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Sarah Stewart Johnson, EAPS PhD, gives rein to curiosity

Alumna envisions combining academia with public policy
Johnson collecting samples in the Australian outback
Johnson collecting samples in the Australian outback

A fling with politics turned into a life-changing career path for Sarah Stewart Johnson, a planetary scientist and 2008 MIT PhD recipient. A former White House fellow working for the President’s Science Advisor, and currently a researcher with the Harvard Society of Fellows, she was surprised when a stint as a campaign volunteer became a transforming experience that gave her a new perspective on how to imagine and build a life in science.

Johnson studies the early evolution of the surface environment on Mars. Currently she is a Junior Fellow at Harvard University, where she is poring over data returned from the new Mars rover, named “Curiosity.” (She worked at mission control for the last two Mars rovers, named Spirit and Opportunity.) Recently she was in the Australian outback, collecting data from sites that are geologically similar to the site (called the Gale Crater) where Curiosity landed on Aug. 6.

“A dominant theory for Mars is that a billion-year period of warm, wet conditions was followed by a billion-year period of arid, acidic conditions,” she says. “The geology in Gale Crater is especially intriguing because it contains layers that formed under each of these climatic conditions, yet the layers alternate.”

Johnson’s interest in the solar system began in her childhood, during stargazing expeditions with her father, an amateur astronomer. As an undergraduate at Washington University in St. Louis, she majored in environmental studies and mathematics and did research in planetary science. At MIT, she focused her research on the early life of planets, seeking to discover factors that played into the development of cosmic bodies such as Mars.

“It’s such an open field,” she says. “We know so little, when you come down to it, about how these other worlds come together. So in order to build hypotheses, you have to synthesize a lot of information. You have to go to geology, physics, chemistry, all these different fields, to put together how a planet works.”

In 2008, her final year in the Department of Earth, Atmospheric and Planetary Science at MIT, Johnson received the Hugh Hampton Young Fellowship, a graduate fellowship that supports students whose work crosses disciplinary boundaries. She found that it gave her the freedom to explore sides of her passion that she would otherwise have missed. “Usually the final year of graduate school is all-encompassing — you have to work on your thesis, do other research, go on the job market, and in addition to that you have to work,” she says. “This gave me the time to do extra things I would not have been able to do otherwise.” Long interested in issues of climate and planetary change on Earth, she joined the Energy and Environment Advisory Committee for the 2008 Obama campaign.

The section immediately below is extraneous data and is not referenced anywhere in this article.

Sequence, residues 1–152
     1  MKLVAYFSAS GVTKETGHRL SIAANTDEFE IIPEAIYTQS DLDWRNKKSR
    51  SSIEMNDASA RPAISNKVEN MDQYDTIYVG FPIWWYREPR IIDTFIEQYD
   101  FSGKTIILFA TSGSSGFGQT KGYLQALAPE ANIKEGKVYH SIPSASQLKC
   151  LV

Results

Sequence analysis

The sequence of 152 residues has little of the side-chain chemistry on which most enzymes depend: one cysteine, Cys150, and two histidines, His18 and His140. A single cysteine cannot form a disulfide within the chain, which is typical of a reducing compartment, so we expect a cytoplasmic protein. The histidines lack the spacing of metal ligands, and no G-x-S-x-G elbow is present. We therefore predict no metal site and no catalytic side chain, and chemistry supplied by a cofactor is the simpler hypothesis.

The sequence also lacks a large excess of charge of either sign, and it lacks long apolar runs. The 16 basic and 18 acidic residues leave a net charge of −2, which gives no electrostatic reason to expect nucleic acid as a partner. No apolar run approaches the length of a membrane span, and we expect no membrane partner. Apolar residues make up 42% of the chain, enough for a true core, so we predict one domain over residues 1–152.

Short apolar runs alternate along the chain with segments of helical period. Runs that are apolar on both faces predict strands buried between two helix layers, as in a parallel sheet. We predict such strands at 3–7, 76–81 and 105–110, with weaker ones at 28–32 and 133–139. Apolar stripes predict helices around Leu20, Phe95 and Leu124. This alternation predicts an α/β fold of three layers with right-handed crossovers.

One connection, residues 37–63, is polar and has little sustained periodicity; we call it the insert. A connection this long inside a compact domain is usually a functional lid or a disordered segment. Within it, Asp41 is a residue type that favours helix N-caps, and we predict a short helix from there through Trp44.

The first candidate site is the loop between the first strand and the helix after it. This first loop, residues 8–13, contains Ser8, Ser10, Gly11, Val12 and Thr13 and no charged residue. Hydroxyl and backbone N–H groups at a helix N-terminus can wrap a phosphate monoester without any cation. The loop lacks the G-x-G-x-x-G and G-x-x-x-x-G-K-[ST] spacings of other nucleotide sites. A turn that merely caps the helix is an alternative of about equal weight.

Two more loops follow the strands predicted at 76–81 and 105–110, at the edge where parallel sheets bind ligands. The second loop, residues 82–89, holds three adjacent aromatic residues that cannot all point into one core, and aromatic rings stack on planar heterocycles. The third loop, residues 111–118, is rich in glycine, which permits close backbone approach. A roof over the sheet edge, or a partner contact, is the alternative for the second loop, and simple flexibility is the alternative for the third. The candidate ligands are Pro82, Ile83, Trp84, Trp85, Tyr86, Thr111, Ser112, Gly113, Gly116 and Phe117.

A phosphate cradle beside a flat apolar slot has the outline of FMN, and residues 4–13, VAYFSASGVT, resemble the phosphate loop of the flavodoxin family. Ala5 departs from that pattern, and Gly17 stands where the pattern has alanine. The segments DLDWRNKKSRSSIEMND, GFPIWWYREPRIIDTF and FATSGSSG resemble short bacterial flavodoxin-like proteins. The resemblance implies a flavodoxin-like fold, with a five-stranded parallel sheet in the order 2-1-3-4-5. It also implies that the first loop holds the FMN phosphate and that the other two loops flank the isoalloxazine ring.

The effects of this side pursuit were far-reaching. When Obama won the election, her volunteer work led to a position as a policy analyst with the White House Office of Science and Technology Policy. Working for the President’s Science Advisor, she used her experience with planetary issues to research the policy implications of environmental problems ranging from greenhouse gases to the recent BP oil spill. The position lasted from 2009 until 2011.

Now back in academia, Johnson says she will likely parlay her interests into a career as a professional researcher at a university. But her time in public service gave her a different sense of her future career path than she would have had otherwise, she says. In Washington, she found role models in scholars who had embraced dual vocations, combining careers in academia with two-year stints serving the government and advising on matters of national importance.

“Usually the people you see doing that are economists and social scientists; scientists do it less often,” she says. “But in Washington, I saw a few of them who were research scientists, and it showed me that there was a model for us, too. I’d love to do that — to work at the cutting edge of research, and then help apply that to figuring out national policies that relate to scientific matters, or that affect scientific communities and researchers.”

“It made me feel bold enough to dream of a future that’s a little different from the standard,” she adds.

Johnson praised MIT’s emphasis on intellectual diversity.

“My advisor, Maria Zuber, gave me so much intellectual freedom in carving out the questions I wanted to ask,” she says. “They were big questions, so I had to learn about a lot of different things in order to put together an answer.”

To current students at MIT who want to pursue interdisciplinary interests, she says: “Find mentors and role models. A lot of people embrace that idea at MIT. Find them, talk to them.”

For now, she is going over geological research data in Cambridge and celebrating the recent birth of her first child. Over the next few years, each, in their own way, will be exploring new worlds.

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